Last update: January 11, 2019

War Risks

The risk of war involving Belarus is small despite recent increases. While Belarus is a part of the CSTO with Russia and Kazakhstan, and its servicemen may be involved in operations of the CSTO collective forces, such as joint exercises, since early 2017 there have been growing Moscow-Minsk political and trade disputes. Small Russian military outposts are stationed in the country, and Moscow is interested in additional military installations, which could potentially be used against Ukraine. The defence ministry is also wary of a potential hybrid war threat from Moscow, similar to the annexation of Crimea as Russia increased its military presence along its Western borders.

Last update: January 11, 2019

Social Stability


Weak opposition, civil society, and repressive security services make large protests in Belarus unlikely. Small protests are likely to grow if economic weaknesses remain, especially against unemployment, falling incomes, increasing charges for household utilities, plans to increase the pension age, and against ad-hoc intrusive regulations affecting the small businesses. There has recently been a trend on co-operation between leading opposition figures and leaders of small market traders protesting against the growing regulation for small businesses. Police and security forces are likely to use excessive force against protests deemed by the authorities as destabilising, especially those in Minsk.

Last update: January 11, 2019

Health Risk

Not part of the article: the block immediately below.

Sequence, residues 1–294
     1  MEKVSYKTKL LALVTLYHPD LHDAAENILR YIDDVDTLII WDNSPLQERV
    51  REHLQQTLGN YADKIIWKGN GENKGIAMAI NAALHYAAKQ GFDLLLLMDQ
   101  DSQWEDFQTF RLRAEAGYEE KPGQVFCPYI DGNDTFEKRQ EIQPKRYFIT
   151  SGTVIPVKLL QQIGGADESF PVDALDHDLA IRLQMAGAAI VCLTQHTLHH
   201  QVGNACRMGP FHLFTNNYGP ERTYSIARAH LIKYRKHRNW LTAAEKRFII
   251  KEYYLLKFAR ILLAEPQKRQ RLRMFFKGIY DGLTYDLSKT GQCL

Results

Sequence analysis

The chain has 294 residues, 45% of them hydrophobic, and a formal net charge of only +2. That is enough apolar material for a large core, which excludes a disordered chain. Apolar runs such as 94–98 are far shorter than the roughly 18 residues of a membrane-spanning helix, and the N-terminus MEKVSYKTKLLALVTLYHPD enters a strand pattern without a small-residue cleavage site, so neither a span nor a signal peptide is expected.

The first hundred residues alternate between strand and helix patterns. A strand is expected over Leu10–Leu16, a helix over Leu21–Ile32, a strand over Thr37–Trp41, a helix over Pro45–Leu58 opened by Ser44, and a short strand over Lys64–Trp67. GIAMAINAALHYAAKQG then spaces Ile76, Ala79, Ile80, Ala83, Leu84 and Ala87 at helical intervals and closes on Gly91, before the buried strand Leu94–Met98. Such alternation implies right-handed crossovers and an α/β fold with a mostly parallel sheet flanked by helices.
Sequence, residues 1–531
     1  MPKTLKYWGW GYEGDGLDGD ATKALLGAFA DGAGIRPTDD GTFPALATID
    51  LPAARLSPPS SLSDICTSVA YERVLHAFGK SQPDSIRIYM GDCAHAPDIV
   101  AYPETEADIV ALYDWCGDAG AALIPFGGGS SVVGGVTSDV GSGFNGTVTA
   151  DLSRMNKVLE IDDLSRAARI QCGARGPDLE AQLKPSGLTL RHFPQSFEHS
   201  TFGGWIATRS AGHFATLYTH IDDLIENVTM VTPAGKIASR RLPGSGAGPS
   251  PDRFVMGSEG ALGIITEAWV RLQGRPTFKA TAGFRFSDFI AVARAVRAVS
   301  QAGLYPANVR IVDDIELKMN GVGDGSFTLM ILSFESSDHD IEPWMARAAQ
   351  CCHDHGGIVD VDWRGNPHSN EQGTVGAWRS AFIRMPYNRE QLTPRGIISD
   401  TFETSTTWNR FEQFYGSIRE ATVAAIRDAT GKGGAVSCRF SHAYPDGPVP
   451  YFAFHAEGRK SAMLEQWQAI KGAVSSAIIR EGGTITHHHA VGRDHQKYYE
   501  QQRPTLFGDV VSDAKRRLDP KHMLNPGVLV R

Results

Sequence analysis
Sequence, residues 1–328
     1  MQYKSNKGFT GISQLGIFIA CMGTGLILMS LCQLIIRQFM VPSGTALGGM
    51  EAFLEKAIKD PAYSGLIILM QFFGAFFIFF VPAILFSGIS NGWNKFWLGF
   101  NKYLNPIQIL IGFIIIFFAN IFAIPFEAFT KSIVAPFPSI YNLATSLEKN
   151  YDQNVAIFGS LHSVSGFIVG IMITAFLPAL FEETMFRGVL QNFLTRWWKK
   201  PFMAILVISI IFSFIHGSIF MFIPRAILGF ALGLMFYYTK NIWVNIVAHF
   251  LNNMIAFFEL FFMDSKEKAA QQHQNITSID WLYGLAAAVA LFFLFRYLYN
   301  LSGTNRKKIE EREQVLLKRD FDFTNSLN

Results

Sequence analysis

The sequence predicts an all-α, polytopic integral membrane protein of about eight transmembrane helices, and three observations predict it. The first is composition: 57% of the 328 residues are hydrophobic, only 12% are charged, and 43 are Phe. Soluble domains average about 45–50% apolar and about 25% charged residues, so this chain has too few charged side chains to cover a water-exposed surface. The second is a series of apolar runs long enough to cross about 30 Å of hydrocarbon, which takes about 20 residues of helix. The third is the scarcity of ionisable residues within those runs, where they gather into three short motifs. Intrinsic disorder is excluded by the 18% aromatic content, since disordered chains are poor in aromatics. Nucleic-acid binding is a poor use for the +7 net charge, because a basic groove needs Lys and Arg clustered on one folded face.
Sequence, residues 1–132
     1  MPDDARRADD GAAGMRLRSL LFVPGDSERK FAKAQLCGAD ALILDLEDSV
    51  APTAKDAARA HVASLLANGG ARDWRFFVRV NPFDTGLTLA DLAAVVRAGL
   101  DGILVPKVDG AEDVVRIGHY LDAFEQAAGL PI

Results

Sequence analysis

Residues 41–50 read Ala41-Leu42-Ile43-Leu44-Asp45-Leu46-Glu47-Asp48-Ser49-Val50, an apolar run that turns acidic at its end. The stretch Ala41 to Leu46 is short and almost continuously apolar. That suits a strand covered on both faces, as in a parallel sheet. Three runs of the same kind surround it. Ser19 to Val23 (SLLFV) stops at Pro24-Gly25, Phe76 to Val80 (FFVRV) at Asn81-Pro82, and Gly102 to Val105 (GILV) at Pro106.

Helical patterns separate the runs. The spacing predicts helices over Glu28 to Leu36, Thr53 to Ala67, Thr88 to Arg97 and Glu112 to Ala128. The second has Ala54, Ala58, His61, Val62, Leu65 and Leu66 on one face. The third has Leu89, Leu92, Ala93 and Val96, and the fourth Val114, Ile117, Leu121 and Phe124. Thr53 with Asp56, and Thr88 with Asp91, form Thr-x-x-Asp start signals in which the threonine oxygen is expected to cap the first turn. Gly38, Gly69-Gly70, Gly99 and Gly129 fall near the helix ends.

Vaccines Required to Enter the Country

No vaccinations are required to enter the country.

Vaccines Recommended for All Travelers

Routine vaccinations: Consult your doctor to ensure all routine vaccinations - such as for diphtheria, tetanus, polio, tuberculosis, influenza, measles, mumps, pertussis, rubella, varicella, etc. - are up to date (include booster shots if necessary).

Vaccines Recommended for Most Travelers

Hepatitis A: The vaccine is given in two doses, six months apart, and is nearly 100 percent effective. The WHO recommends the vaccine be integrated into national routine immunization schedules for children aged one year or older.

Vaccines Recommended for Some Travelers

Hepatitis B: The WHO recommends that all infants receive their first dose of vaccine as soon as possible after birth, preferably within 24 hours. The birth dose should be followed by two or three doses to complete the primary series. Routine booster doses are not routinely recommended for any age group.

Rabies: The rabies vaccination is typically only recommended for travel to remote areas and if the traveler will be at high risk of exposure (e.g. undertaking activities that will bring them into contact with dogs, cats, bats, or other mammals). The vaccination is administered in three doses over a three-to-four week period. Post exposure prophylaxis is also available and should be administered as soon as possible following contact with an animal suspected of being infected (e.g. bites and scratches).

Last update: April 5, 2019

Practical Information


Belarus has a continental climate with long harsh winters; snow is present until March-April. Spring begins in the month of May. Summers are mild and rainy (thunderstorms) but sunny days are also common. Autumn comes to the country in mid-September and brings a significant decrease in temperatures.

Useful Numbers

Country Code: +375
Local police in Minsk: 102


Voltage: 220 V ~ 50 Hz


Last update: April 5, 2019